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Configuring ISP Link Redundancy

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Configuring ISP Link Redundancy

In This Section

Introduction to ISP Link Redundancy Configuration

Registering the Domain and Obtaining IP Addresses

DNS Server Configuration

Dialup Link Setup for Incoming Connections

SmartDashboard Configuration

Configuring Default Route for ISP Redundancy Gateway

for Incoming Connections

Introduction to ISP Link Redundancy Configuration

The following ISP Redundancy configuration allows outgoing connections from behind the Security Gateway to the Internet and incoming connections from the Internet to the networks behind the Security Gateway.

the Internet to the networks behind the Security Gateway. Note - For advanced configuration options, see

Note - For advanced configuration options, see SecureKnowledge solution sk23630 at

http://supportcontent.checkpoint.com/solutions?id=sk23630

required). Note - In the following configuration examples, the subnets 192.168.1.0/24 and 172.16.2.0/24

represent public routable addresses.

(your username and password are

Registering the Domain and Obtaining IP Addresses

The Security Gateway, or a DNS server behind it, must respond to DNS queries and resolve IP addresses that belong to publicly accessible servers in the DMZ (or another internal network). It is not necessary to have an actual DNS server because the Security Gateway can be configured to intercept the DNS queries.

To register the domain and obtain IP addresses:

1. Obtain one routable IP address from each ISP for the DNS server or for the Security Gateway that intercepts DNS queries. If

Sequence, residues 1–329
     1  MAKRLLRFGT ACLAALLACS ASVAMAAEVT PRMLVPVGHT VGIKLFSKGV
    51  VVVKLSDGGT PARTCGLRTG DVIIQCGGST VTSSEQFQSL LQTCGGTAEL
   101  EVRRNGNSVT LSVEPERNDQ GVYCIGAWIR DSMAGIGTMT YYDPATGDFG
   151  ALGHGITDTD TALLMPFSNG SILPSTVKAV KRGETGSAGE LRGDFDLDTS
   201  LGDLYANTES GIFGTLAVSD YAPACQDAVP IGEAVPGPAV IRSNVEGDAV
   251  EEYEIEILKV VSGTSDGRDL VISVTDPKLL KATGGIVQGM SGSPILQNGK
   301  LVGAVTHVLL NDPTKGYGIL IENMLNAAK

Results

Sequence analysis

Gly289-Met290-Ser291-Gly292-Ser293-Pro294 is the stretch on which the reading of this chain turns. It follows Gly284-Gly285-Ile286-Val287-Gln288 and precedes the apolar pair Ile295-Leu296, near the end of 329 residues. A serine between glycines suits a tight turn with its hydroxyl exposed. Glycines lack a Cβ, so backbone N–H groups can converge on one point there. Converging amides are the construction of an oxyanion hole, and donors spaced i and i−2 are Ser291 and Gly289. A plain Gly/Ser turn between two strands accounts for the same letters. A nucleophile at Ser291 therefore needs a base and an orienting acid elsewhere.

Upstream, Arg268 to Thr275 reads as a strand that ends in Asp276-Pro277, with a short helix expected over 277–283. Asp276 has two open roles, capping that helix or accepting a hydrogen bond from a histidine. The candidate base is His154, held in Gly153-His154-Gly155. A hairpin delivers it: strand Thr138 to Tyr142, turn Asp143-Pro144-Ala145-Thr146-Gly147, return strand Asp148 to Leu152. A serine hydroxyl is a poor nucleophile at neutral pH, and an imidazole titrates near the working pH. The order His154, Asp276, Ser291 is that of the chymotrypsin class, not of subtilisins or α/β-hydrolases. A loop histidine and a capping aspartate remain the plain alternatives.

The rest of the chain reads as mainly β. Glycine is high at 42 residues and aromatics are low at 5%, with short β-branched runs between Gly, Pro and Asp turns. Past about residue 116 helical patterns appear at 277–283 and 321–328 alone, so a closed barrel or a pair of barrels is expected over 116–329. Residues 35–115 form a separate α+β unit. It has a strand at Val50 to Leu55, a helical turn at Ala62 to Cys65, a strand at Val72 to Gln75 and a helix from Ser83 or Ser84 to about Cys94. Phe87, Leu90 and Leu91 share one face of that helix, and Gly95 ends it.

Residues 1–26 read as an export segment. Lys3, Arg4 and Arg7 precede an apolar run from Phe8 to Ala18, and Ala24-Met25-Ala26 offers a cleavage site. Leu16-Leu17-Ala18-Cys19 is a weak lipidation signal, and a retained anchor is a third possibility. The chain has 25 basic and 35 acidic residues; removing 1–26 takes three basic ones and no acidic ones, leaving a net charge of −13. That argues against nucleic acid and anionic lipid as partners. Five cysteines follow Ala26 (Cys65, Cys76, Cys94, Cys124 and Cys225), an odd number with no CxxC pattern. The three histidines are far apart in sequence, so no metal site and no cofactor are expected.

routable IP addresses are not available, make the DNS server accessible from the Internet using manual NAT (

step 2).

2. Register your domain (for example, example.com) with both ISPs.

3. Inform both ISPs of the two addresses of the DNS server that respond to DNS queries for the example.com domain.

4. To allow incoming connections, obtain one routable IP address from each ISP for each application server that is accessed from the Internet.

For example, obtain two IP addresses for the Web server in DMZ-net. To avoid using routable IP addresses for the publicly available servers, see step 2.

DNS Server Configuration for Incoming Connections

The following section describes a DNS server configuration for incoming connections where the firewall is configured to intercept DNS queries to a Web server (for example, www.example.com in Figure 1-37) that arrive at the Security Gateway external interfaces and to respond to them with ISP addresses 192.168.1.2 and 172.16.2.2.

To configure the DNS server for incoming connections:

1. In the DNS Proxy tab of the ISP Redundancy window, select Enable DNS proxy.

2. The Security Gateway responds to DNS queries with either one or two IP addresses, depending on the status of the ISP link and

the redundancy mode. To configure this behavior, map each server name to an IP address pair by clicking Add Proxy tab.

in the DNS

3. Type a Host name (for example, www.example.com).